This week, we continue our look at the science fiction Grand Masters—those writers noted for outstanding achievement in sci-fi/fantasy writing, and therefore a great place to start when looking for good sf/f titles.
Read last week's SF Signal on the Grand Masters of Sci Fi and Fantasy.
1986 - Arthur C. Clarke (1917-2008)
Clarke was one of science fiction's "big three" (the other two being Robert A. Heinlein and Isaac Asimov) and is noted for his believable, scientifically sound stories written in a straightforward, easy-to-understand style. Clarke is credited with predicting/inventing several technologies now in use today, the most famous being the geostationary communications satellite.
Against the Fall of Night (1948)
Childhood's End (1953)
2001: A Space Odyssey (1968, and sequels)
Rendezvous with Rama (1973, and sequels)
The Fountains of Paradise (1979)
1987 - Isaac Asimov (1920-1992)
One of the field's most prolific authors (in sf, mystery and nonfiction), Asimov helped define the Golden Age of science fiction. His clear, dialogue-heavy writing style helped win the hearts of readers averse to long scientific descriptions.
The Robot series (1954 - 1985, beginning with The Caves of Steel. See also 1950's I, Robot)
The Foundation series (1951 - 1993, beginning with Foundation)
The End of Eternity (1955)
The Gods Themselves (1972)
1988 - Alfred Bester (1913-1987)
Bester's fiction is a short, sharp shock of cynical brilliance, often rooted in themes of psychology. His work is simultaneously imaginative, thought-provoking and gripping.
The Demolished Man (1953)
The Stars My Destination (1957)
The Computer Connection (1975)
Star Light (1976 collection of short fiction)
1989 - Ray Bradbury (1920 - )
With work leaning toward the fantasy and horror sides of genre fiction, Bradbury's poetic fiction helped establish him as one of the world's most beloved and capable writers.
The Martian Chronicles (1950)
Fahrenheit 451 (1953)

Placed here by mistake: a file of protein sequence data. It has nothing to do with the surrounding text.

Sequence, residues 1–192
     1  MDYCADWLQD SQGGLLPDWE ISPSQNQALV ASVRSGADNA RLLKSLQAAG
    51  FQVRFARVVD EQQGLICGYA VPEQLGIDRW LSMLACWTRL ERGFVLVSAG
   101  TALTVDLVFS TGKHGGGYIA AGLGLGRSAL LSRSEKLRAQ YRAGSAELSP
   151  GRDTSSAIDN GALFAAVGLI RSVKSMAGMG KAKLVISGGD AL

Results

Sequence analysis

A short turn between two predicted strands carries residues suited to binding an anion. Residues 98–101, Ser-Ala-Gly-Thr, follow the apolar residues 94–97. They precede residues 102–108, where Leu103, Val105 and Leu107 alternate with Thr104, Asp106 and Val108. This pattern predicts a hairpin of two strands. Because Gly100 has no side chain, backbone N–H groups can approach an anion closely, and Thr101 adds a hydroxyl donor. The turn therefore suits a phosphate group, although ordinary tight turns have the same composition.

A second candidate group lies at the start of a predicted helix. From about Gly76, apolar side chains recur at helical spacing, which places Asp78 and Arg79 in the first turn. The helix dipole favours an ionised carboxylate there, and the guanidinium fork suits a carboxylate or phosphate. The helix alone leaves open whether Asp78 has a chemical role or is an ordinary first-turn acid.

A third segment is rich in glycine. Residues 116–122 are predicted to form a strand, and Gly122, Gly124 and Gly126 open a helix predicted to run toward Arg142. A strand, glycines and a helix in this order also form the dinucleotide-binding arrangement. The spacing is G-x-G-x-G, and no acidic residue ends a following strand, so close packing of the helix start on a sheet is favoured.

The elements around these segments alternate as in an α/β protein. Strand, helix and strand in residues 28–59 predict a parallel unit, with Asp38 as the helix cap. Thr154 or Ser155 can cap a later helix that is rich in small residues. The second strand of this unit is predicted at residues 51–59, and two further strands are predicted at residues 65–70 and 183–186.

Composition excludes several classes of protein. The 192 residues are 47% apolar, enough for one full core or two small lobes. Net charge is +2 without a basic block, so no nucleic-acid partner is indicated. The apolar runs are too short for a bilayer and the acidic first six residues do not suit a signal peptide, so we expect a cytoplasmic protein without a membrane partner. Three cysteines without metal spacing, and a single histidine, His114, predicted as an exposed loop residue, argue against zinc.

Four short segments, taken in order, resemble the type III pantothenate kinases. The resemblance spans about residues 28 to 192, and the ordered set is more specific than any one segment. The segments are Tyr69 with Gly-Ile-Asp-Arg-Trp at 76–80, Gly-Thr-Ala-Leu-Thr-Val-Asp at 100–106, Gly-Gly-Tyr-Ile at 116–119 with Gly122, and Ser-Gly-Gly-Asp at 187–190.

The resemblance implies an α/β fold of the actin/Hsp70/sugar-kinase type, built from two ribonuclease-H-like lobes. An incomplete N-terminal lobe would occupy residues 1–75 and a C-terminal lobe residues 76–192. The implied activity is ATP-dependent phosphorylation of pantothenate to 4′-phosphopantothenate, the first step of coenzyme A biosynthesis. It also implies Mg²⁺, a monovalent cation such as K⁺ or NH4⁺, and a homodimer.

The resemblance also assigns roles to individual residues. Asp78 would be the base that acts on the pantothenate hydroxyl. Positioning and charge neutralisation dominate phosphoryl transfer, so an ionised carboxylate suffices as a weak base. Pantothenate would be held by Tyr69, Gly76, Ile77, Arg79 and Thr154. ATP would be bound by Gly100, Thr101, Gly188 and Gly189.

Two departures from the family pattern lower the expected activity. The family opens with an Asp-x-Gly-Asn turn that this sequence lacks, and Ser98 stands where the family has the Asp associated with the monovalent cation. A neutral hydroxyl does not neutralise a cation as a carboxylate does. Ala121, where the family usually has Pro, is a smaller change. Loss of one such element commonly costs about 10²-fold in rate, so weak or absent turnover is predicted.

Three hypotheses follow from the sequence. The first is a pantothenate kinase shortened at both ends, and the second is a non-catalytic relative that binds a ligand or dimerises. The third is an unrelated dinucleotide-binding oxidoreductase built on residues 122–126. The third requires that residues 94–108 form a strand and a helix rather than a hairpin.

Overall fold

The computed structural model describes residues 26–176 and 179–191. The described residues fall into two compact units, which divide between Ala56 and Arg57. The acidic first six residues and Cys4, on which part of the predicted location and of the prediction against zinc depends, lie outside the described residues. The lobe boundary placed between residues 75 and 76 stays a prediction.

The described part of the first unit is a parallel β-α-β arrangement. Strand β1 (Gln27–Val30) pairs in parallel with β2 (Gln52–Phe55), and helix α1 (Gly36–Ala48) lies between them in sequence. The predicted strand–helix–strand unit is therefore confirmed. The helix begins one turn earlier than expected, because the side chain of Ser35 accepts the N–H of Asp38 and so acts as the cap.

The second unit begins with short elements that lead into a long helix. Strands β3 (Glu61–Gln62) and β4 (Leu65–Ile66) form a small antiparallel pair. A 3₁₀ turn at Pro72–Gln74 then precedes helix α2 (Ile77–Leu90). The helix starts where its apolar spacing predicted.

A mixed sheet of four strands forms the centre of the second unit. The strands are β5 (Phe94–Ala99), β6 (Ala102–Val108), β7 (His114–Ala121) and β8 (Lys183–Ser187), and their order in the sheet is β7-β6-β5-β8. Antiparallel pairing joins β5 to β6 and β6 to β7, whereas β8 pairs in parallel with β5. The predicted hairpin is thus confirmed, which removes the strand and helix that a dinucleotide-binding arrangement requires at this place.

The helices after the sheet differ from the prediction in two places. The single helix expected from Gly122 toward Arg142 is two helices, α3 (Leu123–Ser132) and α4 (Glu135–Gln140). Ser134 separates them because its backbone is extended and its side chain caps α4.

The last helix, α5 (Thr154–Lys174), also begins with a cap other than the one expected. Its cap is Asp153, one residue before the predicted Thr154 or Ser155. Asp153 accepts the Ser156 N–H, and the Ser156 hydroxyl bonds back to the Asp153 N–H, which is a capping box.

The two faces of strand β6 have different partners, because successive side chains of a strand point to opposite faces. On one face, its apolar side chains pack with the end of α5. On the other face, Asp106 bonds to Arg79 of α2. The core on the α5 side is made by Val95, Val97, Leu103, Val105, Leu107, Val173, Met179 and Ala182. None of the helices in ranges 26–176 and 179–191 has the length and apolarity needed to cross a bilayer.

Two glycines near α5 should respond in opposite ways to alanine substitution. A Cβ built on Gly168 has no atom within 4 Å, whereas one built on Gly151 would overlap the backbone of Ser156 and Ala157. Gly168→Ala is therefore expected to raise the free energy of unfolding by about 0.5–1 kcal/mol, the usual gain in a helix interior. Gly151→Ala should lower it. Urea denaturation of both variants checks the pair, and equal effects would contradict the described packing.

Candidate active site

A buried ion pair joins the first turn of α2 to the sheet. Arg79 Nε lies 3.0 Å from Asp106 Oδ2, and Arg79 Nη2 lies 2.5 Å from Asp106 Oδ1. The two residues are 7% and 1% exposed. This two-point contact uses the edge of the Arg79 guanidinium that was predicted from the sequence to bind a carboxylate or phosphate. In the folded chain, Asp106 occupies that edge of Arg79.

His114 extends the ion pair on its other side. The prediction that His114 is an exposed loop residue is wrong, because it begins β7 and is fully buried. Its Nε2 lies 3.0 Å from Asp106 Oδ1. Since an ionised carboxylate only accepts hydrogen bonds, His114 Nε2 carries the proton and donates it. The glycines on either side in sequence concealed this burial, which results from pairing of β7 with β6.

The October Country (1955, short fiction collection)
Dandelion Wine (1957, with a 2006 sequel called Farewell Summer)
Something Wicked This Way Comes (1962)
1991 - Lester del Rey (1915-1993)
Del Rey was one of science fiction's Golden Age authors who was one of the "students" (along with Asimov, Heinlein, Theodore Sturgeon, A.E. van Vogt and others) of influential editor John W. Campbell. As such, his stories tended to revolve around a single scientific conceit.
Preferred Risk (1955, with Frederik Pohl)
Police Your Planet (1956)
The Eleventh Commandment (1962)
The Best of Lester del Rey (1978 collection)
1993 - Frederik Pohl (1919 - )
Pohl's career is a distinguished one. He was not just a writer of science fiction, but also a noted editor, anthologist and literary agent. With many titles to his credit, it's no wonder he has received numerous awards and accolades.
The Space Merchants (plus 1984 sequel The Merchants' War)
The Mars series (1976's Man Plus and 1994's Mars Plus)
The Heechee series (1977 – 2004, beginning with Gateway)
The World at the End of Time (1990)
Platinum Pohl (2005 collection)
1995 - Damon Knight (1922-2002)
One of the sf/f field's earliest and most respected reviewers, Knight was also an accomplished writer (having written multiple short stories and novels) and anthologist. His fiction was often a dark look at society based on his own observations.
Hell's Pavement (1955)
In Search of Wonder (1956, reviews an criticisms)
A for Anything (1961)
The Observers (1988)
A Reasonable World (1991)
John DeNardo is the editor of SF Signal, a group science-fiction and fantasy blog featuring news, reviews and interviews.